Cotes spirals[edit]

An inverse cube force law has the form


The shapes of the orbits of an inverse cube law are known as Cotes spirals. The Binet equation shows that the orbits must be solutions to the equation

\frac{\mathrm{d}^{2}u}{\mathrm{d}\theta ^{2}}+u=\frac{k u}{m h^2} = C u.

The differential equation has three kinds of solutions, in analogy to the different conic sections of the Kepler problem. When C<1, the solution is the epispiral, including the pathological case of a straight line when C=0. When C=1, the solution is the hyperbolic spiral. When C>1 the solution is Poinsot's spiral.

Off-axis circular motion[edit]

Although the Binet equation fails to give a unique force law for circular motion about the center of force, the equation can provide a force law when the circle's center and the center of force do not coincide. Consider for example a circular orbit that passes directly through the center of force. A (reciprocal) polar equation for such a circular orbit of diameter D is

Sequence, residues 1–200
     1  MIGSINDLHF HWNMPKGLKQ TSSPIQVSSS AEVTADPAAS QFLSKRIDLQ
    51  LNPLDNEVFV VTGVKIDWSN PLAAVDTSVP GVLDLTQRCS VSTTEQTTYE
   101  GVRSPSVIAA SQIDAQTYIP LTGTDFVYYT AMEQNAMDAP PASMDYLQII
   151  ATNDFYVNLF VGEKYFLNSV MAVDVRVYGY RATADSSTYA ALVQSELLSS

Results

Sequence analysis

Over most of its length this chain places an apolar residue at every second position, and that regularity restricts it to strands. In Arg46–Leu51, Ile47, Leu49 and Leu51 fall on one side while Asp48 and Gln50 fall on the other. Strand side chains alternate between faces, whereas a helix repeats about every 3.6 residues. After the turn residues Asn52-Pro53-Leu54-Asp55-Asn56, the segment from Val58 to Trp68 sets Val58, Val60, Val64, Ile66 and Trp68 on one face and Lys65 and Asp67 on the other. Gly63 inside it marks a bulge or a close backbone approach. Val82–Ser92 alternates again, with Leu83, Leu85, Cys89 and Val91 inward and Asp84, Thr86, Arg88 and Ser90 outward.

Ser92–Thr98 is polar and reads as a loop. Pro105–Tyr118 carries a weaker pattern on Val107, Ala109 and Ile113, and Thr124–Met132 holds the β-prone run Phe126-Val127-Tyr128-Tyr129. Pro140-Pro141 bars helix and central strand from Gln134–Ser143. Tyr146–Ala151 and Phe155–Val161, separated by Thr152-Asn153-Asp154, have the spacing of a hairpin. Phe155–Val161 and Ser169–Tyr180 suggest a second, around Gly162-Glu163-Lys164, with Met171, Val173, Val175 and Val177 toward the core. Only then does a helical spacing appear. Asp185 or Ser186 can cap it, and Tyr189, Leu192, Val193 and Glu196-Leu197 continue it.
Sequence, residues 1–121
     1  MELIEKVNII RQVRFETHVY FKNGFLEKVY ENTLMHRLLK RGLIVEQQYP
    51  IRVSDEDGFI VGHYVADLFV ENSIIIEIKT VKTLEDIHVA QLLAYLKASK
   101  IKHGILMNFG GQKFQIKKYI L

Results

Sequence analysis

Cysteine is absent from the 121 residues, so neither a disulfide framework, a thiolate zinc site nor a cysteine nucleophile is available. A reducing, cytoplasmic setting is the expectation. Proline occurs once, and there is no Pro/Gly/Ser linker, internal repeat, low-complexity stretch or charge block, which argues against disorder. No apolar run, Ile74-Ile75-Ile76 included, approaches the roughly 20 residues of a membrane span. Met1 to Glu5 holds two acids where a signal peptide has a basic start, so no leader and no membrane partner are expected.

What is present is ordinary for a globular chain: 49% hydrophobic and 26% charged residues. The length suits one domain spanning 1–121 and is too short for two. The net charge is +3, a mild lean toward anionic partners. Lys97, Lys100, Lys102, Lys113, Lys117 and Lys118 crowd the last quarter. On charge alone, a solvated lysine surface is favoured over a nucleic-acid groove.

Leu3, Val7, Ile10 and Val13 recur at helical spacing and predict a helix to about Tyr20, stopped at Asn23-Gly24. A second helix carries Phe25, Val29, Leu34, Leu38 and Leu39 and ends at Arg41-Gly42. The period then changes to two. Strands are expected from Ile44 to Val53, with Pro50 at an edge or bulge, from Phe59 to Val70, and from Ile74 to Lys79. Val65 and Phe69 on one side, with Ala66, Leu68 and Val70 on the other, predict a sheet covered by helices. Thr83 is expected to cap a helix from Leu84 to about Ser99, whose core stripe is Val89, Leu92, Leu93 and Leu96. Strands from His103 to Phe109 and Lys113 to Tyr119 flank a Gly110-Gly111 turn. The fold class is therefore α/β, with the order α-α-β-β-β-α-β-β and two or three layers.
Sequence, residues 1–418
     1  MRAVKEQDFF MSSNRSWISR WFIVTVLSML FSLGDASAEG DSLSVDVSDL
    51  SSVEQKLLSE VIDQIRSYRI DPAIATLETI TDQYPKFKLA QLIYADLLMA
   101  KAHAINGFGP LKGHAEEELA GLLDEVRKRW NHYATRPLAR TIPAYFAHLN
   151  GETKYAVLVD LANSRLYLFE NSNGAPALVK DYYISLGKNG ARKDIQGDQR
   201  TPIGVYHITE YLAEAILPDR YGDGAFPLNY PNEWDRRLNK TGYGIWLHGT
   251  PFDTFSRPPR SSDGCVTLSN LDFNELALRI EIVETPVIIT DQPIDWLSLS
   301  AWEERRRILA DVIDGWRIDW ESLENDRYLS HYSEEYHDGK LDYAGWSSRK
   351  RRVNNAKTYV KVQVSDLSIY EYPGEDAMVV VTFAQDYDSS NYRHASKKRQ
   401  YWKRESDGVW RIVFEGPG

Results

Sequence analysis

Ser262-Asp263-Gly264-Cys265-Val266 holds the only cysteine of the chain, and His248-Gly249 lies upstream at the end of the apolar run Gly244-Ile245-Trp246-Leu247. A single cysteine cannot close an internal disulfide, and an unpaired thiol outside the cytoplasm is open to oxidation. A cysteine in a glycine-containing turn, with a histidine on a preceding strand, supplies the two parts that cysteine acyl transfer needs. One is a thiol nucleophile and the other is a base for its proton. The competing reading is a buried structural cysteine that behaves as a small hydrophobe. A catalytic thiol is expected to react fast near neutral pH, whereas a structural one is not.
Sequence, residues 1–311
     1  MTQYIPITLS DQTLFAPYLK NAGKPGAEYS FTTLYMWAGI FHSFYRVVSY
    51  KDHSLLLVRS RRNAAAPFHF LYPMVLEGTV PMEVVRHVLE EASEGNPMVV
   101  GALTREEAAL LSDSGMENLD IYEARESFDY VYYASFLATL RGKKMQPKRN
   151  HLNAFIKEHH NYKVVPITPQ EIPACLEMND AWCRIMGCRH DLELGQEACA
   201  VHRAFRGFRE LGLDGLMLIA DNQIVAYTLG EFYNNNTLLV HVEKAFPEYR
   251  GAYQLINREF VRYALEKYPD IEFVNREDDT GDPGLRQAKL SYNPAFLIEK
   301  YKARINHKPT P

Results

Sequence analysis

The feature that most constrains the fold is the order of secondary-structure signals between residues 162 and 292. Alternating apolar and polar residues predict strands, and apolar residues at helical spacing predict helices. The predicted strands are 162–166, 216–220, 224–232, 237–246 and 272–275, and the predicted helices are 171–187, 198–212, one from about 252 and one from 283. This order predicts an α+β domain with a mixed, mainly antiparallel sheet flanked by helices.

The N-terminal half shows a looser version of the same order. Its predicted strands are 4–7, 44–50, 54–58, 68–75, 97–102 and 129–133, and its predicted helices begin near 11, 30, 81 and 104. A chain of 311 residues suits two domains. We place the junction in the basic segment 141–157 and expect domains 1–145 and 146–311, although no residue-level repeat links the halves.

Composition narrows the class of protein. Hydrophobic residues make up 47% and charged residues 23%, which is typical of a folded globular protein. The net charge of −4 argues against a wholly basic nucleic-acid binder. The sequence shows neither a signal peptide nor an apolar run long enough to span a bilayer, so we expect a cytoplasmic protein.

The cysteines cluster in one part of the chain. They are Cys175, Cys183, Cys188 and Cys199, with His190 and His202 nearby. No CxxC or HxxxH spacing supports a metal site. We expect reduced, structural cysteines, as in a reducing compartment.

D \, u(\theta)= \sec \theta.

Differentiating u twice and making use of the Pythagorean identity gives

D \, \frac{\mathrm{d}^{2}u}{\mathrm{d}\theta ^{2}}=\sec \theta \tan^2 \theta + \sec^3 \theta = \sec \theta (\sec^2 \theta - 1) + \sec^3 \theta = 2 D^3 u^3-D \, u.

The force law is thus

F = -mh^2u^2 \left( 2 D^2 u^3- u + u\right) = -2mh^2D^2u^5 = -\frac{2mh^2D^2}{r^5}.

Note that solving the general inverse problem, i.e. constructing the orbits of an attractive 1/r^5 force law, is a considerably more difficult problem because it is equivalent to solving

\frac{\mathrm{d}^{2}u}{\mathrm{d}\theta ^{2}}+u=Cu^3

which is a second order nonlinear differential equation.

See also[edit]


  1. ^ "Fyta12:1 – Motion in a Central Force Field". Retrieved 2010-10-05. 
  2. ^
  3. ^ - The first-order orbital equation
  4. ^ - A flat space-time relativistic explanation for the perihelion advance of Mercury

External links[edit]